A way to transform polyethylene into a material that conducts heat just as well as most metals, yet remains an electrical insulator has been discovered by an MIT team. The new process causes the polymer to conduct heat very efficiently in just one direction. This may make the new material especially useful for applications where it is important to draw heat away from an object, such as a computer processor chip.
The key to the transformation was getting all the polymer molecules to line up the same way, rather than forming a chaotic tangled mass, as they normally do. The team did that by slowly drawing a polyethylene fiber out of a solution, using the finely controllable cantilever of an atomic force microscope, which they also used to measure the properties of the resulting fiber. This fiber was about 300 times more thermally conductive than normal polyethylene along the direction of the individual fibers. The high thermal conductivity could make such fibers useful for dissipating heat in many applications where metals are now used, such as solar hot water collectors, heat exchangers and electronics.
Most attempts to create polymers with improved thermal conductivity have focused on adding in other materials, such as carbon nanotubes, but these have achieved only modest increases in conductivity because the interfaces between the two kinds of material tend to add thermal resistance. The interfaces actually scatter heat, so you don't get much improvement. But using this new method, the conductivity was enhanced so much that it was actually better than that of about half of all pure metals, including iron and platinum. Producing the new fibers, in which the polymer molecules are all aligned instead of jumbled, required a two-stage process, explains the lead author of the paper. “The polymer is initially heated and drawn out, then heated again to stretch it further. Once it solidifies at room temperature, you can't do any large deformation, so we heat it up twice."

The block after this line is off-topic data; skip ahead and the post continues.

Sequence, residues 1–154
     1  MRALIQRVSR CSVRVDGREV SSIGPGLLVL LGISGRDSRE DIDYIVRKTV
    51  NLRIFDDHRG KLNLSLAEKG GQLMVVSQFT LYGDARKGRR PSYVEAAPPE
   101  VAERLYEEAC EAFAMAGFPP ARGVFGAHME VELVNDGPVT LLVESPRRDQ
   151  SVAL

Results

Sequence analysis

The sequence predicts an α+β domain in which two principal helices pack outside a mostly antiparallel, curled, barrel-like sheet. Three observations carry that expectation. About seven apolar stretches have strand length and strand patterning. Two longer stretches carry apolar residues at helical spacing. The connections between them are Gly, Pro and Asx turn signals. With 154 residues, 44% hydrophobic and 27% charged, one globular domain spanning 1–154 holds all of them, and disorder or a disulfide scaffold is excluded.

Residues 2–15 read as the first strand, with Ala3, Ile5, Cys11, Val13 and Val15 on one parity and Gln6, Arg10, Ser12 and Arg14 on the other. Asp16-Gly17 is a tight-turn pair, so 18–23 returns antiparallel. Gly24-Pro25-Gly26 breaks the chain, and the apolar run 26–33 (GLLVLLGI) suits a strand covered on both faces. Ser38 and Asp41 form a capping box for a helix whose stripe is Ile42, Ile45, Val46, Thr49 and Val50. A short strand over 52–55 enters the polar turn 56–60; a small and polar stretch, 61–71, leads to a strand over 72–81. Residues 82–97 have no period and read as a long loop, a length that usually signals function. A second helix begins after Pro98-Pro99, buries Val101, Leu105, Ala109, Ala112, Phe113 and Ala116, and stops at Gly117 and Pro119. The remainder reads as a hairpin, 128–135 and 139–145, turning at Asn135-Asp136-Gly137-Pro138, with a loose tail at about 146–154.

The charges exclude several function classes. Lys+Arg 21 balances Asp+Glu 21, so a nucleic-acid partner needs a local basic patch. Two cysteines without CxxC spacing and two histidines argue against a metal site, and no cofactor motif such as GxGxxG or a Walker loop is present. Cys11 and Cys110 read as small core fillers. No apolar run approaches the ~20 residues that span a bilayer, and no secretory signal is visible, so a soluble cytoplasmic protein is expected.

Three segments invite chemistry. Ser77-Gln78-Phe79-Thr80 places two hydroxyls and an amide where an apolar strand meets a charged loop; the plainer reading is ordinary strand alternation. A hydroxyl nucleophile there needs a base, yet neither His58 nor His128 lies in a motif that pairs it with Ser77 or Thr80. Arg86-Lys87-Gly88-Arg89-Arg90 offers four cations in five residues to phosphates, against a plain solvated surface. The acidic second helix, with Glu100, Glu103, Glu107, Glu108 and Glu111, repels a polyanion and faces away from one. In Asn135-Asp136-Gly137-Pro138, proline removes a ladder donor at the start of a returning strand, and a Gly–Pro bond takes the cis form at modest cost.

Even greater gains are likely to be possible as the technique is improved, noting that the results achieved so far already represent the highest thermal conductivity ever seen in any polymer material. Already, the degree of conductivity they produce, if such fibers could be made in quantity, could provide a cheaper alternative to metals used for heat transfer in many applications, especially ones where the directional characteristics would come in handy, such as heat-exchanger fins (like the coils on the back of a refrigerator or in an air conditioner), cell-phone casings or the plastic packaging for computer chips. Other applications might be devised that take advantage of the material's unusual combination of thermal conductivity with light weight, chemical stability and electrical insulation.
So far, the team has just produced individual fibers in a laboratory setting.